Dreams for Kurosawa
by Raúl Zurita / translated by Anna Deeny
arrow as aarow , 2012
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I would like you to see how I’ve scratched and bent and battered this beautiful book. I have been holding this bark relatively near to my person for almost every day of the past few months. (I don’t go to the wheezy bar or to the co-op or to any grass just outside without some kind of bike bag growing out of my back. It rains on the way. There was an angry spill in August.) Do you think it’s still in a magical shape this way? I do. I thought I might want to write something about Raul Zurita when I got Dreams for Kurosawa in the mail, and I kept waiting for the bones of the poetry to dry out. They still haven’t. They drip on me. “Once again I see the worlds,” says a line in poem simply called #2 that I repeat to myself like tattoo berries.
Being near poetry means clanging mis-remembering and remembering together into brackish jewels. Both make the cardboard around us shine. In the case of Zurita, we have some kind of glimpse of where the lines between a real event and the logical leaps writing causes the brain to take exist. If you are familiar at all with the shapes that pus in and out of Zurita, you know he is a Chilean poet who writes primarily about surviving Augusto Pinochet’s atrocity-ridden coup d’etat in 1973. You know that his life is a circle of hinges burning around the real sadness it was pulped into. “I was seized by the Arauco brigade and before/dying I remembered the worlds” (#2). During the coup, Zurita was detained in the hold of a ship with a thousand others deemed enemies of the new military government. (He was carrying poems at the time, which were thrown into the water by a soldier. Those poems are his book, A Song for His Disappeared Love.) Over 30,000 people are estimated to have been tortured and a little over 3,000 killed during Pinochet’s time at the helm.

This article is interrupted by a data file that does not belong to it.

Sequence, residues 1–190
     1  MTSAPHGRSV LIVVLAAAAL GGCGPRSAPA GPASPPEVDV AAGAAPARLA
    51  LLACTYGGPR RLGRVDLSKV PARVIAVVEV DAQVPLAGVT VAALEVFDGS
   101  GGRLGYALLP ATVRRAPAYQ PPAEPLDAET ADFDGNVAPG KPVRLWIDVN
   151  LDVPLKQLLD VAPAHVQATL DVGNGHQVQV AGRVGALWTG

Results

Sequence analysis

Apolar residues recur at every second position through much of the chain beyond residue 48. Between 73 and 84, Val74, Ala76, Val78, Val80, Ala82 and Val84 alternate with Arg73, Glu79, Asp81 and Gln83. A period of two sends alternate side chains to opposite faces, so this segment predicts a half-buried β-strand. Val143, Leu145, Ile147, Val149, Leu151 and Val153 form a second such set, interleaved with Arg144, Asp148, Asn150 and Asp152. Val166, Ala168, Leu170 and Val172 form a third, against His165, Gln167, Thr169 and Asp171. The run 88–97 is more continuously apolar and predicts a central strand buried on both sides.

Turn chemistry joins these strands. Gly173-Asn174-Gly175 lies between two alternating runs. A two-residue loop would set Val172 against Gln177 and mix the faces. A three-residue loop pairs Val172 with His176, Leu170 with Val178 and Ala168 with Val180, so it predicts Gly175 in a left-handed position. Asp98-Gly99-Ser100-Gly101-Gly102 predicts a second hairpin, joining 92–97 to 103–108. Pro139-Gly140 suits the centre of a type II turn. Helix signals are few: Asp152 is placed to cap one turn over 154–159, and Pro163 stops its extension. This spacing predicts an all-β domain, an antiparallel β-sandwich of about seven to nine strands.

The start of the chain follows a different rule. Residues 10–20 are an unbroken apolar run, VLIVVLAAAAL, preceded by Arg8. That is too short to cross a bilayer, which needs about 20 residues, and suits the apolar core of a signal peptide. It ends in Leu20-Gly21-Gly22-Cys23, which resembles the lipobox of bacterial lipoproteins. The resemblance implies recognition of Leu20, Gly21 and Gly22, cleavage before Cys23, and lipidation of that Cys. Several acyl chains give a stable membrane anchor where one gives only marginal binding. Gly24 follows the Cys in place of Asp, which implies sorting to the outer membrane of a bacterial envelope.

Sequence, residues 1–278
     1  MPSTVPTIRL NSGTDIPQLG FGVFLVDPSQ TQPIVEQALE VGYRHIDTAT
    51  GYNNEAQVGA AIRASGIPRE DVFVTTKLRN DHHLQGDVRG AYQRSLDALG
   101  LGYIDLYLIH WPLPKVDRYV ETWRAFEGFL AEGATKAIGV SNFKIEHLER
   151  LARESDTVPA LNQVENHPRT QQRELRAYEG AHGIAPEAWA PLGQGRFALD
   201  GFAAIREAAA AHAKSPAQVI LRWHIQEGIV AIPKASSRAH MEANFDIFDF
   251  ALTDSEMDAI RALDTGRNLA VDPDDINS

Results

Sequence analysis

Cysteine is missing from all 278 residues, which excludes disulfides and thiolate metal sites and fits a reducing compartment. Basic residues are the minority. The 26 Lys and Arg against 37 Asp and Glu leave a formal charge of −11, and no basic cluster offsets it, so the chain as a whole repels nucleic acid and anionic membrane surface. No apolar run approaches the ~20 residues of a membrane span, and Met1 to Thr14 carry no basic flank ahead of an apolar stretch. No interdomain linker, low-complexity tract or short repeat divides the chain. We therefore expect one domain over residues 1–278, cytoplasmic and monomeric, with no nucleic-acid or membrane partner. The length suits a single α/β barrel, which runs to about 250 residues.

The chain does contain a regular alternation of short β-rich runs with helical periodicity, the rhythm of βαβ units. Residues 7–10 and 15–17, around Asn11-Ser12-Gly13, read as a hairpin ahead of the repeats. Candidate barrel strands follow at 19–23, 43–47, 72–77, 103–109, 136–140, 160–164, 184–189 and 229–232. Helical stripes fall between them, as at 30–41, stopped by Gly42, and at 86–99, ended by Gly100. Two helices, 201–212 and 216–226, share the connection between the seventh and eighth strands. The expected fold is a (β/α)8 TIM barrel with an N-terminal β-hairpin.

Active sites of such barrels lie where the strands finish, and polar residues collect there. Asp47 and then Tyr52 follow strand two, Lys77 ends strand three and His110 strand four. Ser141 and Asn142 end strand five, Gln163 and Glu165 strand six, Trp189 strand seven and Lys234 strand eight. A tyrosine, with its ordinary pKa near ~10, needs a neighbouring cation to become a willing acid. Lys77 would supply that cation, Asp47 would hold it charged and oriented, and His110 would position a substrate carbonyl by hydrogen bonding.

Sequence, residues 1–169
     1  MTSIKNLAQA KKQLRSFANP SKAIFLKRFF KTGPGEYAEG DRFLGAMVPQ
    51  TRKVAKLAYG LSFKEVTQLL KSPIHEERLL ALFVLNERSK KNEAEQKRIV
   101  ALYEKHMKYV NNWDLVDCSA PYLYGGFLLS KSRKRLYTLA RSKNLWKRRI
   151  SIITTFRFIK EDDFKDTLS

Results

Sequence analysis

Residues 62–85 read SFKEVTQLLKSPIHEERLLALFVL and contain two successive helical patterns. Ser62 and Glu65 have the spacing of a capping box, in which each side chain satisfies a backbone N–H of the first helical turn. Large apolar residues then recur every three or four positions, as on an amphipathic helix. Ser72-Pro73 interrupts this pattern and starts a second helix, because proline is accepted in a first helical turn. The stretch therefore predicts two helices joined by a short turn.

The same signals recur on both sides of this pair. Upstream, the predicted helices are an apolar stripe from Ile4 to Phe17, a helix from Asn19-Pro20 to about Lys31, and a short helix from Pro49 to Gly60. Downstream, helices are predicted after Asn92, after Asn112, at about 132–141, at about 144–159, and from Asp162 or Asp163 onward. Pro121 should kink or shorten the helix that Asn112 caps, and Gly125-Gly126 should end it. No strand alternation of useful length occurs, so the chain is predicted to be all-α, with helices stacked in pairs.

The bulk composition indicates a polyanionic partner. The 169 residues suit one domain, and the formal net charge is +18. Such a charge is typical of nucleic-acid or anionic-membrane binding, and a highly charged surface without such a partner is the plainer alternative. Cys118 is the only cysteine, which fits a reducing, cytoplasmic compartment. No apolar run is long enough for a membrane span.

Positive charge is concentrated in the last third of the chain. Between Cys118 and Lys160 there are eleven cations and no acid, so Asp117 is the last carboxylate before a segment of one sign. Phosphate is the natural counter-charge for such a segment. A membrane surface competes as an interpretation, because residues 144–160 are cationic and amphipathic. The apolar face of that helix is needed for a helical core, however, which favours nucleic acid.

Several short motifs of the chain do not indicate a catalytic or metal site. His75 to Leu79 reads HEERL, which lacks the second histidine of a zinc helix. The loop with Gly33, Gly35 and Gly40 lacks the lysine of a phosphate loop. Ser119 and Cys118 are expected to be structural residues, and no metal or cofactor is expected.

November 2nd, 2012 / 12:00 pm